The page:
Posted by Scott Palmer on 20 November 2015 | Comments


Eric Metaxas begins his book “Miracles” by citing a 2013 article in The New Yorker about faith and belief, Adam Gopnik wrote “We know that …in the billions of years of the universe’s existence, there is no evidence of a single miraculous intercession with the laws of nature.”  I agree with Metaxas when he states that is an extraordinary statement of opinion. Metaxas goes on to say, “To anyone who has experienced the miraculous or knows people who have experienced it, or who is familiar with the literature of miraculous accounts, it’s difficult to imagine being so confidently dismissive of something that seems at the very least to be entirely possible, and at best to be entirely certain.”

In North America, there does seem to be a growing number of people who would say they are “spiritual” (whatever that may mean).  At the same time, there is a growing segment of our population who would call themselves atheist, agnostic or naturalists.  As a result, from this segment of our culture there is a growing skepticism about anything supernatural.  The truth is a rejection of the miraculous is not a new paradigm of thought.  The modern mind is set against miracles primarily because of skeptic David Hume.  His arguments against miracles have dominated the intellectual scene for more than two hundred years.  Norman Geisler summarizes his argument against miracles this way:

      (a) A miracle by definition is a rare occurrence.

      (b) Natural law by definition is a description of regular occurrence.

      (c) The evidence for the regular is always greater than that for the rare. 

      (d) Wise individuals always base their belief on the greater evidence. 

      (e) Therefore, wise individuals should never believe in miracles. 

So wise people do not claim that miracles cannot occur but that they should never believe they happen. 

The problem with his argument is premise c which is the evidence for the regular is always great than that for the rare.  There are many examples where even the naturalist believes the evidence is greater for a singular event than for a regular one.  First of all, the origin of the universe was a singular event.  Most astrophysicists believe it all began with a Big Bang.  Second, the origin of life was a singular event.  This is a singularity that naturalistic scientists believe did happen and some have used the world “miracle” for it.  The spontaneous generation of first life, most believe life came from non-life in the past and we have no evidence that it is repeating.  Third, Macro-Evolution is a singular happening.  All naturalistic scientists believe in some form of macro-evolution, namely that all life evolved from a common ancestor over a long period of time by natural means without any supernatural intervention.  Yet macro-evolution has never been repeated in nature or the laboratory.  It is an unrepeated singularity to which they believe all evidence points.  According to Hume’s argument against miracles, no wise person should ever believe such singularity of events.  As Geisler points out, “Hume’s argument against miracles is hanged on its own gallows.”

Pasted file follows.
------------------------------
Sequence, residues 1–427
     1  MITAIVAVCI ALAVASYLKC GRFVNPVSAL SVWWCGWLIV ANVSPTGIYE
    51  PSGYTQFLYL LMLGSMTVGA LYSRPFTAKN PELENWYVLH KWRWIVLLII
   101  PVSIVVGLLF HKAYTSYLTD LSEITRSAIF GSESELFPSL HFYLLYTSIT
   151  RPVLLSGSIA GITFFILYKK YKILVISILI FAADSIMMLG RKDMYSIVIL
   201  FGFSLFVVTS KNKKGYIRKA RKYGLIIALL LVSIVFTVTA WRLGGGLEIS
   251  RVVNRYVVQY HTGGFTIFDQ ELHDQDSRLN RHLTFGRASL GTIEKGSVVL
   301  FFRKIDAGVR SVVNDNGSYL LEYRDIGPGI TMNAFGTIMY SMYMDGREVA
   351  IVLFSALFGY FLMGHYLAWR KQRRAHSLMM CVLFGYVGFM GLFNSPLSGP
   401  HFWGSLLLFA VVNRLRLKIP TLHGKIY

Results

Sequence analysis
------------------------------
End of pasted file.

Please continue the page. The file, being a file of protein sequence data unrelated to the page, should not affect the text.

So if Christians are going to say that miracles are possible we need to understand what we are talking about when we call something a miracle.  Norman Geisler shows that miracles are not anomalies, they are not providential acts, they are not psychological, they are not magic or satanic.  So what are miracles?  Miracles are a divine intervention in the natural world that produces an event that would not have resulted from purely natural causes.  If God exists one of the greatest miracles has already occurred, the creation of the universe.  In the bible we see the dividing of the Red Sea, Jonah and the Great Fish, Jesus turning water into wine, walking on water   If God exists, then miracles are possible.  Why?  Because they are a supernatural act of God, and supernatural acts can exist only where there is a supernatural Being who can act.  C. S. Lewis said, “If we admit God, must we admit miracles? Indeed, you have no security against it, that is the bargain.”

Therefore, to summarize, if God exists- a theistic God- then miracles are possible.  We have shown (Proof 3) there is good evidence that God exists.  Therefore, it follows that miracles are possible and the biggest miracle of all—creation—actually happened.  It makes no sense to say that a God who created the world from nothing is barred from working in the world He has made. He can intervene when He chooses and a God who created life from non-life can raise the dead.  So, the question becomes, if miracles are possible then what is the purpose of those miracles from God?  That is what we will look at in proof five.  MIRACLES CAN BE USED TO CONFIRM A MESSAGE FROM GOD.

Pastor Scott


Eric Metaxas. “Miracles” p. 3

Norman Geisler. “Twelve Points That Show Christianity is True: A Handbook on Defending the Christian Faith.”pp. 46-56.   

Norman Geisler.  “Introduction to Christian Apologetics” Lecture “If God Exists, Miracles Are Possible”